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CASE COMMENT: Anoop Baranwal v. Union of India

DATE OF JUDGEMENT: 2nd March, 2023.

PETITIONER: Anoop Baranwal

RESPONDENT: Union of India

BENCH: Honourable Justices K.M. Joseph, Ajay Rastogi, Aniruddha Bose, Hrishikesh Roy, C.T. Ravikumar

LEGAL PROVISIONS: The Constitution of India

CITATION: W.P.(C) 114/2015


Several Public Interest Litigations (PIL) were filed in the Supreme Court to review the manner of appointment of the Election Commission of India (ECI) in the light of Article 324. Article 324(2)[1] provides that the Chief Election Commissioner (CEC) and other Election Commissioners would be appointed by the President of India. Appointments would be made in accordance with the law made by the Parliament on this subject. This provisions contemplates that the Parliament lays down a law prescribing the method by which the Election Commission has to be appointed. However, the Parliament has made no law in this regard even after almost seven decades. The appointments were made on the advice of the Council of Ministers which is headed by the Prime Minister. The petitioners claimed that the absence of any law affected the independence of the Commission. They demanded the apex court to direct the Parliament to formulate a law for the appointment or constitute a body for making recommendations for appointment to ensure the neutrality and transparency of the Election Commission[2].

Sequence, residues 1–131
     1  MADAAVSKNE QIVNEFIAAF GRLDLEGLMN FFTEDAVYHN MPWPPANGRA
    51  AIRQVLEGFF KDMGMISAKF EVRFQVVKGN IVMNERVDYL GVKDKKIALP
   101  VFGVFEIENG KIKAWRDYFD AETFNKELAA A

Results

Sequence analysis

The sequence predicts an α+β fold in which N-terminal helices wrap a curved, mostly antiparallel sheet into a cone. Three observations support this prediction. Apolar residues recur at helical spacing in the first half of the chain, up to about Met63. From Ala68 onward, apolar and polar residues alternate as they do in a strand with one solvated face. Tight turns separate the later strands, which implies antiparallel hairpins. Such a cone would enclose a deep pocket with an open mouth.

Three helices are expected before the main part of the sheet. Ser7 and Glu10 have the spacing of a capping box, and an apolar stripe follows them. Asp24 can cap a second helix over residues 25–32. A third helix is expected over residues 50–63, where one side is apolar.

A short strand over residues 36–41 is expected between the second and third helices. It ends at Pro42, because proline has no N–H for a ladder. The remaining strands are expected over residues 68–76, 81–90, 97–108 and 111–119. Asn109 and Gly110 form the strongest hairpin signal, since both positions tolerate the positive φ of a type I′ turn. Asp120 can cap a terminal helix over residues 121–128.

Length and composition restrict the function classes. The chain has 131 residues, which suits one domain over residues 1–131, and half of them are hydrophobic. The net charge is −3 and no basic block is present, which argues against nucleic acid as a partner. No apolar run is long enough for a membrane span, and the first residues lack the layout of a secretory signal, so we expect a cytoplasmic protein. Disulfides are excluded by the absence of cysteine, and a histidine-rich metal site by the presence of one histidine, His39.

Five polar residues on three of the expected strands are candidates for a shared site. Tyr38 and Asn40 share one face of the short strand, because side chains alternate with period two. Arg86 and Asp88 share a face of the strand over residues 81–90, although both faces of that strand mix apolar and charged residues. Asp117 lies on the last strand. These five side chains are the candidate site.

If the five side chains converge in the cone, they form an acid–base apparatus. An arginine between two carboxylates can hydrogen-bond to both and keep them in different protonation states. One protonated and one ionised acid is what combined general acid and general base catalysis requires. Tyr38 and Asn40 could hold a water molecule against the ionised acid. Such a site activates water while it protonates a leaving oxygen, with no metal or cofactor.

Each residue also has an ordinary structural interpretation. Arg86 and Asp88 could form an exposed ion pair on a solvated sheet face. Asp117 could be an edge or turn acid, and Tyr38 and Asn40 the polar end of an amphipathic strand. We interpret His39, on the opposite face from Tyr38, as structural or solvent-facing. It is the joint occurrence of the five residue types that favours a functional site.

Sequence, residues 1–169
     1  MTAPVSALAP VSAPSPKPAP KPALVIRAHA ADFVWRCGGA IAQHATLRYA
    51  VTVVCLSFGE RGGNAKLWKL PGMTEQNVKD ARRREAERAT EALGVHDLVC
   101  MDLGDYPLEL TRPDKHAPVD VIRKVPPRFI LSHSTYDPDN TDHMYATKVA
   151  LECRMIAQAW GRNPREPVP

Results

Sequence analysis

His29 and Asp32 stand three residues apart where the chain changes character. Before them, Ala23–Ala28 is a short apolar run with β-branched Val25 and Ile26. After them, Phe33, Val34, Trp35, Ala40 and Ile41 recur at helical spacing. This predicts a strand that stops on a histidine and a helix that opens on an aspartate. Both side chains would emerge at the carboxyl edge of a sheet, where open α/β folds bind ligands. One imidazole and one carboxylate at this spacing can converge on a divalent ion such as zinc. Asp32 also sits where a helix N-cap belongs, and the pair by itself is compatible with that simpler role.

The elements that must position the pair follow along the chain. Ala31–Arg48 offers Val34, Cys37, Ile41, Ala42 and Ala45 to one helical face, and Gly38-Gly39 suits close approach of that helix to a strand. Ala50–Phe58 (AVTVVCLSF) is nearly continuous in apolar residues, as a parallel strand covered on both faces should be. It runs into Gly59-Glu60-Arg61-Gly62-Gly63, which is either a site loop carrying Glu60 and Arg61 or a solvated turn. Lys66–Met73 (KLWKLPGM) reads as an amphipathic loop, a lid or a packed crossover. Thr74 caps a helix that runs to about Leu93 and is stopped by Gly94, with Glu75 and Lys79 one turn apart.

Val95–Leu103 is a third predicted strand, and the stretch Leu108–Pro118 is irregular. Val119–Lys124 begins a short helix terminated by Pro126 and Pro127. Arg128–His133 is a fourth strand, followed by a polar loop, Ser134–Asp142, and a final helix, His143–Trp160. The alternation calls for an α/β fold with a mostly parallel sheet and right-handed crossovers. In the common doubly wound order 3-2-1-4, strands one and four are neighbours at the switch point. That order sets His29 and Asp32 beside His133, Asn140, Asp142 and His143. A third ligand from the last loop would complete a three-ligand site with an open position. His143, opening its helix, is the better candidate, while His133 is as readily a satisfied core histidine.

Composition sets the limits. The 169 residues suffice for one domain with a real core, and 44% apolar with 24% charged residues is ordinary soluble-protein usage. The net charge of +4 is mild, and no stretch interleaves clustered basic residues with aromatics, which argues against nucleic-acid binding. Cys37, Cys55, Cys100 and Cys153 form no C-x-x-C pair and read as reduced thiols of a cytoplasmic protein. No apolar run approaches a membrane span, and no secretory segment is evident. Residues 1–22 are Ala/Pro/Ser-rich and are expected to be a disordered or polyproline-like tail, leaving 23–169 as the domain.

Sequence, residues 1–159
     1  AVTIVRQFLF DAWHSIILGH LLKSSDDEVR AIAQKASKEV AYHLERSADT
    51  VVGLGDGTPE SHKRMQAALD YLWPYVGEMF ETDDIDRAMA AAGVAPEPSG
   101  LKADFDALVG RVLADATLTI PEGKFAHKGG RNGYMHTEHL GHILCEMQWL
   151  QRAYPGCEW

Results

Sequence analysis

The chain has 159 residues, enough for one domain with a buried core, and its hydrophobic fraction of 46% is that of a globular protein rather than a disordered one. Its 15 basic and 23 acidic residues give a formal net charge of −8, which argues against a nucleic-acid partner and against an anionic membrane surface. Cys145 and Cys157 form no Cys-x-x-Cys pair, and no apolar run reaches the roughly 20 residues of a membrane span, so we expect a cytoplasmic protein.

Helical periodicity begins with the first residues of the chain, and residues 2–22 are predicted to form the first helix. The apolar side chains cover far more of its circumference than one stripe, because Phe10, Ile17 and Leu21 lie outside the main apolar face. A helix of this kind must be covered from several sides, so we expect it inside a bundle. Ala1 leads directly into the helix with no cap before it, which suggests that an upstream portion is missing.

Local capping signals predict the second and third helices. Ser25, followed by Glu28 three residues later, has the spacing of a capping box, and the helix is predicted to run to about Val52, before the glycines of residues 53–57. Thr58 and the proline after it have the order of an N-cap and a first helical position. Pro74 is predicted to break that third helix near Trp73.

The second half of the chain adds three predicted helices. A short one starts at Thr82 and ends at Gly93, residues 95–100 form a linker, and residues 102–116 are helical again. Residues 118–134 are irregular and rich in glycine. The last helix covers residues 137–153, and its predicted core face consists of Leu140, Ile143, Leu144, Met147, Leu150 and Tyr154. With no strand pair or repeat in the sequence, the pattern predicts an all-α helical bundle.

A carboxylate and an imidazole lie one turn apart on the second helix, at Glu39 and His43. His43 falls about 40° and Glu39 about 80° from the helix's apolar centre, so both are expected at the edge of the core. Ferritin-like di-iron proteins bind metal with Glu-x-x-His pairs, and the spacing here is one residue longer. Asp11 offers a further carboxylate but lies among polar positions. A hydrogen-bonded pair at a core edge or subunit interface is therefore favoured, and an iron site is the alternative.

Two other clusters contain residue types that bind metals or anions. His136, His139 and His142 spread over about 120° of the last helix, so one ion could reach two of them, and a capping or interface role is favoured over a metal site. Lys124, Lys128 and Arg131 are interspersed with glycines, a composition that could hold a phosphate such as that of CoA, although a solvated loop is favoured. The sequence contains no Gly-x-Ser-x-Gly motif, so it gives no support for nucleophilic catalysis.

1. Is there a legal vacuum in Article 324(2)? If there is a gap, then should the Court intervene to fill the gap?
  2. Whether the safeguards given to the Chief Election Commissioner should be extended to the other Election Commissioners?


The Petitioners contended:

  • There exists a legal vacuum in the absence of any law which lays down the eligibility of an Election Commissioner. The judiciary must intervene to fill the gap as free and fair elections are an essential feature of a democracy. A democracy could function only when elections are conducted by an independent body.
  • The Supreme Court has intervened to pronounce reformative judgements in electoral issues like in the case of trial of MPs/MLAs, declaration of assets, NOTA or prevention of booth capturing.
  • Advocate Prashant Bhushan submitted that the existing mechanism for appointments is inconsistent with Article 324(2). It also violates Article 14 as it is arbitrary.
  • Right to vote is a constitutional right which is violated when elections are not being conducted by a neutral Commission.
  • The Election Commission is empowered to resolve various quasi-judicial between parties. It has the power to register political parties, allot symbols, to enforce the moral code of conduct. In many cases the ruling government is party involved in the dispute. Executive as a sole participator in the appointment will make its decisions biased. Petitioners relied on Supreme Court Advocates-on-Record and anr. v. Union of India[3] to substantiate their argument.